The Voices


Seeing Persepolis or Chicken with Plums will not prepare you for director Satrapi’s latest film, other than her willingness to use fantasy to make reality a bit more palatable. But reality in this film is very, very dark; The Voices is most definitely not a movie for everyone. Her latest bit of tragic character study is part dark comedy and part attempt to get inside the head-space of a disturbed individual. And that puts it mildly.

The Voices is also Satrapi’s first film where she hasn’t written the script. The story and words were provided by Perry, who is best known for his multiple TV series involvement from American Gothic to The River. The big screen has allowed all his darkest thoughts and ideas to run rampant. Not to mention his sarcastic sense of humor.

Reynolds (RIPD) does a great job of providing a man in the midst of disintegration, understanding that he’s drowning but not sure he can fight the rising waters. His voice work is also top notch. He is supported by Arterton (Byzantium), Kendrick (Cake), Weaver (Silver Linings Playbook), and Smith (Frankenstein) who manage to play both sides of his fantasy with ease.

While the performances are all well done, it is directorial choice to show us the world alternately through Reynold’s eyes and as it really is to keep us grounded. It isn’t that this approach hasn’t been done before, but I can’t recall other stories being so sympathetic, but not apologetic, about their main characters.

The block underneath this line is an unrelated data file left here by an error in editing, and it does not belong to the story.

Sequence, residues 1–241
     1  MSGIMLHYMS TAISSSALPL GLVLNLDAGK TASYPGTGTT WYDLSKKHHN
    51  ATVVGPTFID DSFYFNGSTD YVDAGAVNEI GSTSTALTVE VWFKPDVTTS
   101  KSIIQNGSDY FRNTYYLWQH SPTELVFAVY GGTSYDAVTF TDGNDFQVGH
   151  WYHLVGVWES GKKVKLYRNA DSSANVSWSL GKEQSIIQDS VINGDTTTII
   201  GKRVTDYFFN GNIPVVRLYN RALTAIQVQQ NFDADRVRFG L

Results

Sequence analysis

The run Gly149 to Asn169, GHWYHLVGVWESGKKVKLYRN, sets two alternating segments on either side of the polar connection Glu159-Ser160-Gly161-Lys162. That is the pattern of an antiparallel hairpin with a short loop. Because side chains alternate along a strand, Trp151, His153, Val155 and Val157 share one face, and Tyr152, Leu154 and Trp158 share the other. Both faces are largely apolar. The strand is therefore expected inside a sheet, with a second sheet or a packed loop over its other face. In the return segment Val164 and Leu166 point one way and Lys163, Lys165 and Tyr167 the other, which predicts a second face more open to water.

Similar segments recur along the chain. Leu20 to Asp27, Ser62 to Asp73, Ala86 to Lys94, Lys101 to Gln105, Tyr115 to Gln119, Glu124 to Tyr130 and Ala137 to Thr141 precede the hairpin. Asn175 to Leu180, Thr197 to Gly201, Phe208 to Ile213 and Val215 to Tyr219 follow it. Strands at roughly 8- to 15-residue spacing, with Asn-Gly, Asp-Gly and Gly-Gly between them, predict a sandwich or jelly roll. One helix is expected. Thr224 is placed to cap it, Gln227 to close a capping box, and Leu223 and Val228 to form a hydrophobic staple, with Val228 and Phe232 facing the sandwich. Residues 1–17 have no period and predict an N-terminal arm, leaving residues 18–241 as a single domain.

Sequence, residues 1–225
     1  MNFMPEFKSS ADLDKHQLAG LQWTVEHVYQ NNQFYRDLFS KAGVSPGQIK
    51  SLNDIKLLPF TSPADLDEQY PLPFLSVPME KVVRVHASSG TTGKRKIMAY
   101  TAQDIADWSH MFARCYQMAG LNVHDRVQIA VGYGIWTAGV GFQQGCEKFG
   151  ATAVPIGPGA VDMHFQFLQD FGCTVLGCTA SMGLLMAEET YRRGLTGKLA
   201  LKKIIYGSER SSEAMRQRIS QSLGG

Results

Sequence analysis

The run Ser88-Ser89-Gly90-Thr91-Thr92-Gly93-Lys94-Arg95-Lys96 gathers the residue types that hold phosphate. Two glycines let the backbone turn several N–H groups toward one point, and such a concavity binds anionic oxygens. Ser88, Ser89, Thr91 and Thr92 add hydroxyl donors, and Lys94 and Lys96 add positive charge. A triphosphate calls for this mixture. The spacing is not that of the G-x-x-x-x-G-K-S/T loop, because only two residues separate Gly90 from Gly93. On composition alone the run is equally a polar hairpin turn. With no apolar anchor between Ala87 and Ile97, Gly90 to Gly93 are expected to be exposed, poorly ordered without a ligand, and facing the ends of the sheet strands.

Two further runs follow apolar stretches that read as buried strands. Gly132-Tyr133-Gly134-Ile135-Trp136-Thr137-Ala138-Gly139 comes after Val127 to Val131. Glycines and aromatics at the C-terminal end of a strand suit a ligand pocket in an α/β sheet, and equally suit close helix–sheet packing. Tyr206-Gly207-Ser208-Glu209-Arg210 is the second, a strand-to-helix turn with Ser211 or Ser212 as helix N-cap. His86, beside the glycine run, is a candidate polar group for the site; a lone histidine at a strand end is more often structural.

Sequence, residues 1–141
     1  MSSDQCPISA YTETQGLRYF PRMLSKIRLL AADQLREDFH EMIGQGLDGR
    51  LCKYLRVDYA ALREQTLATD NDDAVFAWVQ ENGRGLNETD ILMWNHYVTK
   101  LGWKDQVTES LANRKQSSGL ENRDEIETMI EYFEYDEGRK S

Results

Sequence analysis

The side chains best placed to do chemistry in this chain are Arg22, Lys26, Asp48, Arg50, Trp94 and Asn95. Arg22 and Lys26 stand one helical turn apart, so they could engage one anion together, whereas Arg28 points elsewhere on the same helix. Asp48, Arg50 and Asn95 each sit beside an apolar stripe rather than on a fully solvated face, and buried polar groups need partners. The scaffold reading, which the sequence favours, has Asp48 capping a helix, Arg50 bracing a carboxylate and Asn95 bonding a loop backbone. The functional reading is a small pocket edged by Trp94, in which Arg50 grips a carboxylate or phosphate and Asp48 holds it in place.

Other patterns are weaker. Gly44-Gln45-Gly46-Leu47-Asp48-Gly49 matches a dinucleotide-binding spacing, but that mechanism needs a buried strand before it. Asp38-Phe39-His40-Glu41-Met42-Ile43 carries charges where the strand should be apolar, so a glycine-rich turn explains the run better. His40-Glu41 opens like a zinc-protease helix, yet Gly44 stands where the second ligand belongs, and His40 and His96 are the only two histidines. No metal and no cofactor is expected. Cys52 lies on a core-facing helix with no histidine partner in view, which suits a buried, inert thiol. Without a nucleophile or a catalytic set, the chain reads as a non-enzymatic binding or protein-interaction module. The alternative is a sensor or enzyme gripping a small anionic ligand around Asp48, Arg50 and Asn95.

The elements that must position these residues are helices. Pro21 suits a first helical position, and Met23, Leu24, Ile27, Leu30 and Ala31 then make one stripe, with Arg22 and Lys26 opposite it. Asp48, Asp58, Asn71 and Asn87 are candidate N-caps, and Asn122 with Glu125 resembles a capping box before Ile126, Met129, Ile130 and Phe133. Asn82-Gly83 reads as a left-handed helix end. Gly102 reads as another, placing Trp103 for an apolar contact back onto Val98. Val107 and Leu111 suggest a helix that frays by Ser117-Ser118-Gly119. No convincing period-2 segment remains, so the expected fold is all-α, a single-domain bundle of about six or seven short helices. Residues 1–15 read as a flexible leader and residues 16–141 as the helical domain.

You really need to love the darkest comedy to even approach this story. Even then, the interactions and starkness of the events and choices may be too much for some people. It isn’t overly or unfairly grotesque visually, but you have no doubt about what is going on at any time. Personally, I found it both funny and horrifying. Whether it is a good depiction of the issues raised, I can’t really say, but it was believable, and that was enough.

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